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1.
Supernovae seen through gravitational telescopes
Tanja Petrushevska, 2017, doctoral dissertation

Abstract: Gravitational lenses such as galaxies and galaxy clusters, can magnify the flux of background galaxies. These galaxies at high redshift can host supernovae (SNe) which, thanks to the magnification boost due to lensing, can be observed, otherwise too faint to be detected by current telescopes. Under the right circumstances, the background galaxies may also have multiple images due to the strong lensing. Of particular interest is to detect lensed supernovae of type Ia (SNe Ia), because of their standard brightness. They could help improve lensing models and, if multiple images are observed, the Hubble constant can be measured independently. In this thesis, we use galaxy clusters as gravitational telescopes to search for lensed SNe at high redshift. We performed ground-based, near-infrared and optical search campaigns towards the massive clusters Abell 1689 and 370, which are among the most powerful gravitational telescopes known. Our search resulted in the discovery of five photometrically classified, core- collapse SNe at redshifts of 0.671 < z < 1.703 with significant magnification from the cluster. Owing to the power of the lensing cluster, we calculated the volumetric core-collapse SN rates for 0.4  z < 2.9, and find good agreement with previous estimates and predictions from cosmic star formation history. During our survey, we also discovered two SNe Ia in A1689 cluster members, which allowed us to determine the cluster Ia rate. Furthermore, we discuss the expectations of finding lensed SNe at high redshift in simulated search campaigns that can be conducted with upcoming ground- and space-based telescopes. Magnification from a galaxy lens also allows for detailed studies of the SN properties at high redshift that otherwise would not be possible. Spec- troscopic observations of lensed high-redshift SNe Ia are of particular interest since they can be used to test for evolution of the standard candle nature of these objects. However, if systematic redshift-dependent properties are found, their utility for future surveys could be challenged. We investigate whether the properties of the strongly lensed and very distant SN Ia PS1- 10afx at z = 1.4, deviates from the well-studied nearby and intermediate populations of normal SNe Ia. In other study, we report the discovery of the first resolved multiply-imaged gravitationally lensed SN Ia.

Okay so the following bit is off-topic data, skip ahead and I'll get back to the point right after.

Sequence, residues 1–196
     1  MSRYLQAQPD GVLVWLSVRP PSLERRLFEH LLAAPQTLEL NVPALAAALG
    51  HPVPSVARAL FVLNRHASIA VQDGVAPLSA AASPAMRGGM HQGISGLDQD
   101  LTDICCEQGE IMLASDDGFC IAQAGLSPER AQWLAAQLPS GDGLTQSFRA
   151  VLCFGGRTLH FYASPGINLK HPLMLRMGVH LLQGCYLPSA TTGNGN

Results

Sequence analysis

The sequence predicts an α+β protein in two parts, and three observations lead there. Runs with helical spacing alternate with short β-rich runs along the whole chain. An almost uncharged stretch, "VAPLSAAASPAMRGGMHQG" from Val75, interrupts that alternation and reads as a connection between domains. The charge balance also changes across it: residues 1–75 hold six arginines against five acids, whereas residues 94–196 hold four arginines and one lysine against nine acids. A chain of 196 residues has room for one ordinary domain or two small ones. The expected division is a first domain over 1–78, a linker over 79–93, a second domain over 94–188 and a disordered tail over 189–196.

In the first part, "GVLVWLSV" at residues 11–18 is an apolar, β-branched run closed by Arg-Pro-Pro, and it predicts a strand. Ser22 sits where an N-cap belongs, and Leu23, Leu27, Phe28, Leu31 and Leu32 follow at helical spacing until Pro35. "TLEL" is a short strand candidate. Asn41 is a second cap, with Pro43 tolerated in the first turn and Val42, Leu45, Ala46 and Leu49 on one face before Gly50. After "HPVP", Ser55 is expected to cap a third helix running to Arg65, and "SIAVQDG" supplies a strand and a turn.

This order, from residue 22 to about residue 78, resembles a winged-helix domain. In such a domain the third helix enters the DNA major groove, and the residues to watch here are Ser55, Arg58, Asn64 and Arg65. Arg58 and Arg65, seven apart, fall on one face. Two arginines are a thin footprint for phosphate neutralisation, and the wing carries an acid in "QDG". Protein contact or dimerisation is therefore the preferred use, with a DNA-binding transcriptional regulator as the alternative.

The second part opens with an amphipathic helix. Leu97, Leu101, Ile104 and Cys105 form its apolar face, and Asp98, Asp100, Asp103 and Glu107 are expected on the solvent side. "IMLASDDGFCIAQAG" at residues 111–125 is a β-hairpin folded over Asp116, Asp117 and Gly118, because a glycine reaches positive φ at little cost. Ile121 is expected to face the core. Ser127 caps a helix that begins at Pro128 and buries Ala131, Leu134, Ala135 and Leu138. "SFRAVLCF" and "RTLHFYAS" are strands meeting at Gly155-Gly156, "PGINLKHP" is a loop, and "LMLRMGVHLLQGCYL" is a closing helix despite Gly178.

Found in: ključnih besedah
Summary of found: ...telescopes, galaxy clusters, lensed supernovae, strong lensing, astronomical surveys and telescopes...
Keywords: supernovae, gravitational telescopes, galaxy clusters, lensed supernovae, strong lensing, astronomical surveys and telescopes
Published: 23.01.2018; Views: 2596; Downloads: 0
.pdf Fulltext (28,31 MB)

2.
Tidal Disruption Events seen through the eyes of Vera C. Rubin Observatory
Katja Bučar Bricman, 2021, doctoral dissertation